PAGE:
and Lorenzo De Los Angeles’s Like the gilt-bronze mounts by Jean Godille …paper, mat board, glue, paint sold tissue, crushed glass and acrylic medium.

 

 

Writers Digest Pitch Line in Back of Me
Writers Digest Pitch Line in front of me

Graphic Lessons: NYPD Detective Steve Kulchek is assigned a murder case at the  prestigious Windsor School. What’s bugging him? His partner being stabbed while Kulchek was buying cigarettes? Escaping an attempted car bombing?  His hated boss, Captain Dick Holbrook, being a trustee of the Windsor School?  Losing his girlfriend to Holbrook? 

Graphic Lessons: What do a teacher, a nine-year-old and an eighteen year old have in common? Murder. Millie Fitzgerald applies for a private school teaching job, faints on a  dying man in the school kitchen, deals with a troubled nine-year-old, the only witness to the stabbing and with the eighteen-year-old niece of the murdered man..

Graphic Lessons: Nine-year-old Dana is the only witness who overhears a person fighting with George Lopez, the soon to be stabbed Windsor School kitchen worker. Who can she tell? Her mother who never listens or accuses her of lying? Her father who’s started a new family in Singapore? She tells Millie. 

Mary Jo Robertiello

http://www.nymysteries.com

NYMysteries Aug. 6 – Aug. 11

It’s been a busy week in hot and humid NYC. 

The annual Frick Staff Education Day was held on Monday.  Emma Capron, the 2016–18 Anne L. Poulet Curatorial Fellow and an authority on Netherlandish art, gave a talk and slide show on The Charterhouse at Bruges: Jan van Eyck, Petrus Christius and Jan Vos. It was a tasty preview of the special exhibition opening on September 18. There were a variety of activities for Staff Education Day: a discussion about the future of the Boucher Room, a demonstration of sun printing and painting faux marble. Shadow profile portraiture was a popular activity in George Washington’s time. This activity ties in with the current Canova’s George Washington exhibit. Participants created their own examples.  There was also bowling. Let us not forget that in the early 20th century no mansion was complete without a bowling alley. The Frick’s is a beauty – all polished wood. The Staff Art Exhibition, Exquisite Corpse, was a knock out.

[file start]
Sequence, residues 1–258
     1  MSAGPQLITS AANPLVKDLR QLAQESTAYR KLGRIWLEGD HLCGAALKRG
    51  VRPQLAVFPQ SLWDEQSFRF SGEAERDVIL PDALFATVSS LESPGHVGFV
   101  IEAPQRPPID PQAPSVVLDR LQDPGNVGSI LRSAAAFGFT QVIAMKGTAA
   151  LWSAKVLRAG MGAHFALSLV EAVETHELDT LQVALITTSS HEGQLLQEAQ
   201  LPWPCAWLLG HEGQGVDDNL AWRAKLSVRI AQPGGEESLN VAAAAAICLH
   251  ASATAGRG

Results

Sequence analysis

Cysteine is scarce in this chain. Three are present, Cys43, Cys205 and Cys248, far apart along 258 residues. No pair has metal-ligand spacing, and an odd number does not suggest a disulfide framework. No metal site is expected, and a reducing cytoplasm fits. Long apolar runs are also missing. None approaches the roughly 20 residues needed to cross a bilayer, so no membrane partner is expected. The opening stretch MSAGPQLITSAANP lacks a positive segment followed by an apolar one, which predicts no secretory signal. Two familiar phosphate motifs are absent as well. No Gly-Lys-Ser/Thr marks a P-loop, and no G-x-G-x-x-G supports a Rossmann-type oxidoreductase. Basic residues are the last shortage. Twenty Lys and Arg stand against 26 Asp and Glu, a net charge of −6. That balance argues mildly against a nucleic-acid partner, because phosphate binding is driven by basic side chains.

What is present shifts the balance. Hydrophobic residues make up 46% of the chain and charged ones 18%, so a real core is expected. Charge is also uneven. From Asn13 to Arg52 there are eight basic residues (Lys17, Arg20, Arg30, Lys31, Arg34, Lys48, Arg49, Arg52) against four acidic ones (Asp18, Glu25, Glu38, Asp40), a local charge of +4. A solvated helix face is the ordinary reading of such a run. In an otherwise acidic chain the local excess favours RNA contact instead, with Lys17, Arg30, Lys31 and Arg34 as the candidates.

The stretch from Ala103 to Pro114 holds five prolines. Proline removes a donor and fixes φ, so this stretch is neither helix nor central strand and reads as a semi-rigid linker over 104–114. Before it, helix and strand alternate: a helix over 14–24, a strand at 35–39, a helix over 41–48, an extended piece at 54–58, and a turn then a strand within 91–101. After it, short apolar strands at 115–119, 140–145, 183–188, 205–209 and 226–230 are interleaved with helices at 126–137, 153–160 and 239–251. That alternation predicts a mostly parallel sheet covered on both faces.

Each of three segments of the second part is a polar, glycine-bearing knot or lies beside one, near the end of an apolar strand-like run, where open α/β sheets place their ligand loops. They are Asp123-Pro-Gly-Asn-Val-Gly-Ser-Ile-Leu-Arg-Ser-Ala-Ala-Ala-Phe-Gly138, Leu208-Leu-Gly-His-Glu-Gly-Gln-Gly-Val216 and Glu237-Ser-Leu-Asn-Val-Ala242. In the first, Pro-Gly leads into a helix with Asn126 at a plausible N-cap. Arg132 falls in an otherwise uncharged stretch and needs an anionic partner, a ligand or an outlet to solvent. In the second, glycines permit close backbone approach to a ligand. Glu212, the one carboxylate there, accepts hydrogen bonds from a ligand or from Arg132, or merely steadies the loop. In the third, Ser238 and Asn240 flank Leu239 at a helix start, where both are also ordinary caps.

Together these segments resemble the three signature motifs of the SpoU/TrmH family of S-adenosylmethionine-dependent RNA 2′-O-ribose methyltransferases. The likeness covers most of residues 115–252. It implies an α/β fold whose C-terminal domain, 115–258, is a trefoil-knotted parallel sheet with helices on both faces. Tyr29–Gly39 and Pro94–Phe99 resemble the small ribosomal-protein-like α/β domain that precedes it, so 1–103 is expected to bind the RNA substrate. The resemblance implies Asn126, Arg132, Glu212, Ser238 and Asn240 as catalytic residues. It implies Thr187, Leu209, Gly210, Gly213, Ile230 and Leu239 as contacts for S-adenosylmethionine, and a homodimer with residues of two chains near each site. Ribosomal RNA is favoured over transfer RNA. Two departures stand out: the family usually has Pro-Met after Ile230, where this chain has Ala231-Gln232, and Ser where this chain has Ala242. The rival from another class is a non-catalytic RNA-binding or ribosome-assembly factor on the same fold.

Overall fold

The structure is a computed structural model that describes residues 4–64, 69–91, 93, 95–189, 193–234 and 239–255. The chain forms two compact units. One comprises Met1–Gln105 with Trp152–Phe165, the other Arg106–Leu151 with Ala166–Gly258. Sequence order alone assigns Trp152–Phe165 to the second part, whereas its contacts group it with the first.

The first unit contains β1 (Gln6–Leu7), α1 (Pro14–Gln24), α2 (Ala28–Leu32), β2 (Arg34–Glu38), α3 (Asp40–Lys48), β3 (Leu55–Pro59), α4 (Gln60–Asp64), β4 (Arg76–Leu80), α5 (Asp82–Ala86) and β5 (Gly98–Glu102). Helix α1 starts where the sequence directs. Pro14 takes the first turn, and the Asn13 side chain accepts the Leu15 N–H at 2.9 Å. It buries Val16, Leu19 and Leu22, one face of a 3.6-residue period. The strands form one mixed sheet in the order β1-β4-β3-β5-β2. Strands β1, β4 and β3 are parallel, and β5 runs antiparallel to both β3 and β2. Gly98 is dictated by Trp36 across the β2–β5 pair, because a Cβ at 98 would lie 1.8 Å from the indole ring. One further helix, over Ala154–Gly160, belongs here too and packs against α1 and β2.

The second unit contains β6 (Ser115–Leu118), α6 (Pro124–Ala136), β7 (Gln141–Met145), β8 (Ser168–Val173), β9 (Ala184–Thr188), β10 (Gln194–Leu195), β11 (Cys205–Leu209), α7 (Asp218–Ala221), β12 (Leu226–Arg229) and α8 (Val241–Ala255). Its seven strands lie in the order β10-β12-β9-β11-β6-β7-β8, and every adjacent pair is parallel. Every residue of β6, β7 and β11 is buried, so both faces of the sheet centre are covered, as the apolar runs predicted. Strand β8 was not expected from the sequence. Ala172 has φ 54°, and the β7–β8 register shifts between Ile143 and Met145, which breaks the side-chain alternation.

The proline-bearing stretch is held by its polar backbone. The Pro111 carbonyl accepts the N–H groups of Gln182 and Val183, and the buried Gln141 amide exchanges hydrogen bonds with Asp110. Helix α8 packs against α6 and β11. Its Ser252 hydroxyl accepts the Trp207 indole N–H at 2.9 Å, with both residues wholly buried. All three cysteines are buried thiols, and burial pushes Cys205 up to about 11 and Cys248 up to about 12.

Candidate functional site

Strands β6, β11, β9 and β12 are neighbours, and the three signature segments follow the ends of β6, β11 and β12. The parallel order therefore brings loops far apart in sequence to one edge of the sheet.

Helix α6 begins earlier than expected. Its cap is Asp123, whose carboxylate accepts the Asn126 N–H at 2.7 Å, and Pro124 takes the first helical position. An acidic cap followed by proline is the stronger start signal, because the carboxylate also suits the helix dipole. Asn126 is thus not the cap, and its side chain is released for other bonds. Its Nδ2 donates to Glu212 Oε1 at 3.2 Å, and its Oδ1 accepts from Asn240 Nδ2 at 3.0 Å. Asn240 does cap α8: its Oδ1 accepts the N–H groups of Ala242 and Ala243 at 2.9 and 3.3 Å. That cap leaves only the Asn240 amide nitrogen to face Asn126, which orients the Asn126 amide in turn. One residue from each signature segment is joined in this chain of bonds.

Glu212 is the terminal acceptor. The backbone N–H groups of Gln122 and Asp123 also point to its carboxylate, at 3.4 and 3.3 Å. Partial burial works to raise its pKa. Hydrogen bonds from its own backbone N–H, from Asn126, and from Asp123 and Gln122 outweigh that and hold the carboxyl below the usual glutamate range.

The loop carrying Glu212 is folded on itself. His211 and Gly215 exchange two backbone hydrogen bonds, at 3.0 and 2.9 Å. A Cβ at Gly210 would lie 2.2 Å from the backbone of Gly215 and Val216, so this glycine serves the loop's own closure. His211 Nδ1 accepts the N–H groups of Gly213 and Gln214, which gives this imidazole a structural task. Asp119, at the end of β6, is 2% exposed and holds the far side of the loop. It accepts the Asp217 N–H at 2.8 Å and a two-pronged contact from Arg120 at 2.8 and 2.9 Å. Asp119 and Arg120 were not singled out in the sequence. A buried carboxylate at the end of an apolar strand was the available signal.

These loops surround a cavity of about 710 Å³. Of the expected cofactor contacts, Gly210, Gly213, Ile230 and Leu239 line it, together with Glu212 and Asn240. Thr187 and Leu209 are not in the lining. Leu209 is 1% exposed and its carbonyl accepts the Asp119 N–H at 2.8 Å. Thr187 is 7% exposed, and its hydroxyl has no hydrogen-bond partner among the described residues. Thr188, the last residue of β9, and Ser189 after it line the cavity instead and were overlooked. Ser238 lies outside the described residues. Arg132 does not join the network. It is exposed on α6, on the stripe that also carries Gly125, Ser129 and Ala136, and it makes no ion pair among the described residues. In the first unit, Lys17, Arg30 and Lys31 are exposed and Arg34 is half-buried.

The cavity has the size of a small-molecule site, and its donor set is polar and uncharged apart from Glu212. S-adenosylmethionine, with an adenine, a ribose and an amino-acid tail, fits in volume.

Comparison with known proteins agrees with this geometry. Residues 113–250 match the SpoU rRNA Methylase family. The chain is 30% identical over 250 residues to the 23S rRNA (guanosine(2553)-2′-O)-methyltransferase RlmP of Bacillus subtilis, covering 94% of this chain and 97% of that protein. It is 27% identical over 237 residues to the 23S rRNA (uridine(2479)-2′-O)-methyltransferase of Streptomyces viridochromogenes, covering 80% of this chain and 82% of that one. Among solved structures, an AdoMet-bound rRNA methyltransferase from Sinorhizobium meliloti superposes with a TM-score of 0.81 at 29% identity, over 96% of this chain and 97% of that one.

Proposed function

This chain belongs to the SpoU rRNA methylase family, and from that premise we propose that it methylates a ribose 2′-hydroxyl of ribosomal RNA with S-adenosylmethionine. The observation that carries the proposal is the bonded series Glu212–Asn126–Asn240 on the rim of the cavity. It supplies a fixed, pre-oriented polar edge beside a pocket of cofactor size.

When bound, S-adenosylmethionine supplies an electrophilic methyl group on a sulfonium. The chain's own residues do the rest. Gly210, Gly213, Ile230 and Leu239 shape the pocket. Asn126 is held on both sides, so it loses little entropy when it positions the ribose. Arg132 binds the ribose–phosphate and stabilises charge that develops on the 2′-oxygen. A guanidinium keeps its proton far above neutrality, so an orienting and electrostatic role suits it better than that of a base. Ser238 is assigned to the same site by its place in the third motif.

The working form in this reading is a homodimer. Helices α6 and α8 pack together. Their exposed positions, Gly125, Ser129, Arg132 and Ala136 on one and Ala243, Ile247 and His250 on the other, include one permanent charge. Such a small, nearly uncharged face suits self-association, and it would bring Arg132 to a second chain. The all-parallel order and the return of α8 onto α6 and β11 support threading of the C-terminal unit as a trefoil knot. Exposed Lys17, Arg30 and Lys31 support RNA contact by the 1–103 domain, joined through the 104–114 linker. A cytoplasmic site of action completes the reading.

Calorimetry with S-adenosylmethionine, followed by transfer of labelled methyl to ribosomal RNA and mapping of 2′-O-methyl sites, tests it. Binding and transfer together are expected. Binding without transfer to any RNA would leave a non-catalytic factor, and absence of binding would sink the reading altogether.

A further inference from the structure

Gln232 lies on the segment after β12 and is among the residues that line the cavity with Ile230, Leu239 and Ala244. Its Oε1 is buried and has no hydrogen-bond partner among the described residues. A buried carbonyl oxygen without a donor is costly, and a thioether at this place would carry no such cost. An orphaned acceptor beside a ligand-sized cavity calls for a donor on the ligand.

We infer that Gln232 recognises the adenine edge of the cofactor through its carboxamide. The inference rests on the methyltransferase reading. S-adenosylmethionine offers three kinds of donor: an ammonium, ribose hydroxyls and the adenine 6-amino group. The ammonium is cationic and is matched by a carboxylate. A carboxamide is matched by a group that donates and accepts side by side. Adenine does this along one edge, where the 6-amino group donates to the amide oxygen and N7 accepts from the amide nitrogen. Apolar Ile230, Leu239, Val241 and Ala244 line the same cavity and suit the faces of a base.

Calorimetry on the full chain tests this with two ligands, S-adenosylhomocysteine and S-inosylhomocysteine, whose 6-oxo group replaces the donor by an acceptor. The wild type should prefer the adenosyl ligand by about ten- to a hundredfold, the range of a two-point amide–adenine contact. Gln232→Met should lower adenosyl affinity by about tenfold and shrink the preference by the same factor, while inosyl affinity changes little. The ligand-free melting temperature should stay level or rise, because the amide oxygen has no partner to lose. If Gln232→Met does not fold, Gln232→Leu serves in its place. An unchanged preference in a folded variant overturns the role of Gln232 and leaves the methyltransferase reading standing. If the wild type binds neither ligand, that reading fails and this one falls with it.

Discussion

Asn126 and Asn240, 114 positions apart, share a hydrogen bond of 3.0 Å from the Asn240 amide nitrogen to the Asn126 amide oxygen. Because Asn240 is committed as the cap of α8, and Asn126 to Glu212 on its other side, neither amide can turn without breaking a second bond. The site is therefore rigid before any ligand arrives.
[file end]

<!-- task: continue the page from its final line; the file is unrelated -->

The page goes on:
A friend and I visited the Morgan Library. After a very tasty lunch of cold soup, deviled eggs and delicious pinot grigio, we went to Morgan’s wonderful library on the first floor.

J. P. Morgan’s Library

On Friday I went to the first of three days of the Writers Digest 2018 Conference. Today was  dedicated to query letters. Janet Reid has been educating and terrorizing writers for years. QueryShark.blogspot.com. is where she lays down the law about writing in general and query letters in particular. Her talk was witty, biting and cogent. Paula Munier gave an interesting session on Beginnings: Your first 10 pages. There was lots of talk about pitching i.e. selling your story to an agent in 90 seconds. Tomorrow, I do it. Groan.